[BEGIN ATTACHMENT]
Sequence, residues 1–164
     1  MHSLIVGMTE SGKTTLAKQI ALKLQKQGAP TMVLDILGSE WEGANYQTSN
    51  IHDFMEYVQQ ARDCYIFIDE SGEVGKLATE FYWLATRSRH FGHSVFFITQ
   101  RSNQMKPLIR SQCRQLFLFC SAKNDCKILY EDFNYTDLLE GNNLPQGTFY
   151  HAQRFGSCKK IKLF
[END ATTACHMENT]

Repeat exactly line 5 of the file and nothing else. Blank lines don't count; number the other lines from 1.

   151  HAQRFGSCKK IKLF